The two-acre nature reserve is located outside of the main zoo entrance and entry is free of charge. It highlights a traditional Cheshire landscape and is already home to a wide variety of local wildlife including birds, mammals and insects.
The reserve has been developed with wildflower meadows, 150 native trees, a wildlife pond and a grass amphitheatre which will be used for environmentally-themed events and as an outside classroom for schools.
Sarah Bird, Chester Zoo’s biodiversity officer, said:
“Chester Zoo’s conservation activities extend far beyond the zoo animals we know and love. We believe conservation begins at home and in the UK we are responsible for looking after native species right here on our doorstep. The nature reserve is already home to some amazing species such as the sparrowhawk which our experts have spotted, and the hedgehog we’ve caught on camera traps.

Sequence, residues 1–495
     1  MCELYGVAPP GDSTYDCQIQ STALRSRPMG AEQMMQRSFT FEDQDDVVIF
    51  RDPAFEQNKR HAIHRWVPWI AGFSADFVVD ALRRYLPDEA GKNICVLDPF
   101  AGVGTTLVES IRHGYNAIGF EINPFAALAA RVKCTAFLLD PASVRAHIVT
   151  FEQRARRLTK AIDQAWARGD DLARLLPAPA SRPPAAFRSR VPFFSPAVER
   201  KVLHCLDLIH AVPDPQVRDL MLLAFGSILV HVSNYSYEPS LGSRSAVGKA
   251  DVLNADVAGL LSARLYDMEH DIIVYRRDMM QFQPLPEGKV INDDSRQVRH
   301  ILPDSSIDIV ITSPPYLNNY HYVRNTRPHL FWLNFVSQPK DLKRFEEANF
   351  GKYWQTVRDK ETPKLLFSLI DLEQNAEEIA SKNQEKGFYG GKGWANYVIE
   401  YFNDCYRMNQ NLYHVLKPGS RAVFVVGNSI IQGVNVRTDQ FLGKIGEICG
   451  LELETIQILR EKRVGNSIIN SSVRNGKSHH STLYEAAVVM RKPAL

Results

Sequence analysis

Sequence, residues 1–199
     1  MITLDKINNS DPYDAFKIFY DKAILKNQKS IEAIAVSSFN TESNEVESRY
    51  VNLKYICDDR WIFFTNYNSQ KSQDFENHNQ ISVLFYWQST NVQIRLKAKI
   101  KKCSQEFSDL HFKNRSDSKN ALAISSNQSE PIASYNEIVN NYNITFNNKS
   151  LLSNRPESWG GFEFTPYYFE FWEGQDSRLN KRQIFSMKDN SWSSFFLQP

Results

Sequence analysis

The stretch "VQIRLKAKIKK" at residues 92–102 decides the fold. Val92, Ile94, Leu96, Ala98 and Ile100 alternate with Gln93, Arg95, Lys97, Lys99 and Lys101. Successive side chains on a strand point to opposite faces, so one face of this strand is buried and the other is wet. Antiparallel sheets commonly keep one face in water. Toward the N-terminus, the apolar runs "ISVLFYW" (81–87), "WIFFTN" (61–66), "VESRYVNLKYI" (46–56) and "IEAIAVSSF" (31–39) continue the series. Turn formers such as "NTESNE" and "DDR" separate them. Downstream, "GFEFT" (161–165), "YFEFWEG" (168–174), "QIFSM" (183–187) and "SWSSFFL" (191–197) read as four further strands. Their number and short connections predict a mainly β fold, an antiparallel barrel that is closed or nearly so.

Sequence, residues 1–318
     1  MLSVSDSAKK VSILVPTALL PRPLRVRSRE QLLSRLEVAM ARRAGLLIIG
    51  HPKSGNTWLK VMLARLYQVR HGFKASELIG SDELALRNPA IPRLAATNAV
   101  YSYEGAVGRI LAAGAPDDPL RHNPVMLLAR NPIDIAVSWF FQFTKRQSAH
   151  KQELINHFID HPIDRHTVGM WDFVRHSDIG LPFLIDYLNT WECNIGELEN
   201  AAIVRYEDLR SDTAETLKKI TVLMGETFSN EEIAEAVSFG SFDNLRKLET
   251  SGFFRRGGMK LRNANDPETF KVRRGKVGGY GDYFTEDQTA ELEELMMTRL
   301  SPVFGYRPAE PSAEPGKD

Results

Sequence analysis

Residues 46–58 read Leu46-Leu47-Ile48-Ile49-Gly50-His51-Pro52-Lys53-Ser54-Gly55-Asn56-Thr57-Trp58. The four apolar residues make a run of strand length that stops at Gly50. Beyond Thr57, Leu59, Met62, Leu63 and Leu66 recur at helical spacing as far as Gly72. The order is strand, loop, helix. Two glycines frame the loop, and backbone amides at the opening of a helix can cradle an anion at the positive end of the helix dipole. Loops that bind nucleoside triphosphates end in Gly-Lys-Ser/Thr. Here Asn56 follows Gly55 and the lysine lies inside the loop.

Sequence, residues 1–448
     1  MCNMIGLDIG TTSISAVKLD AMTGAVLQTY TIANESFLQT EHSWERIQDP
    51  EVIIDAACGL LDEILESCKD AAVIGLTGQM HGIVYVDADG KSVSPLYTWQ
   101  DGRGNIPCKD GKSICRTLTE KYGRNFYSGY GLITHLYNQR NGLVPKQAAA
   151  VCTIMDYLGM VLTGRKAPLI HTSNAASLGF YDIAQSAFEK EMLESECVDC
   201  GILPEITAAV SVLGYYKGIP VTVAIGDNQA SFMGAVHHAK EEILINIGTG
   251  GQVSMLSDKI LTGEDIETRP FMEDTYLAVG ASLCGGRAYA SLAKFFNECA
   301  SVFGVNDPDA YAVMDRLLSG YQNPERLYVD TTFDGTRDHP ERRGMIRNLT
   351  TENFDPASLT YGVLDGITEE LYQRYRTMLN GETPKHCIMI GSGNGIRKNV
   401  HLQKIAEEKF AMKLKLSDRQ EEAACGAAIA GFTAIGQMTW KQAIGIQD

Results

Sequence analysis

“By opening up this beautiful and tranquil area to the public we aim to inspire people to take a longer look at the nature around them and discover how they can play their part in looking after it.”
Youngsters from Acresfield Primary School, Upton, were the first to try out the nature reserve during the opening as they take part helping to identify bugs and insects.
Chester Zoo trustee and horticulture expert Professor Stefan Buczacki, who spent 12 years a panel member and chairman of BBC Radio 4’s Gardeners’ Question Time, opened the site.
The nature reserve is open during normal zoo opening hours.
Professor Stefan Buczacki, Chester Zoo trustee Rebecca Burke-Sharples and Chester Zoo's director general Dr Mark Pilgrim opened the nature reserve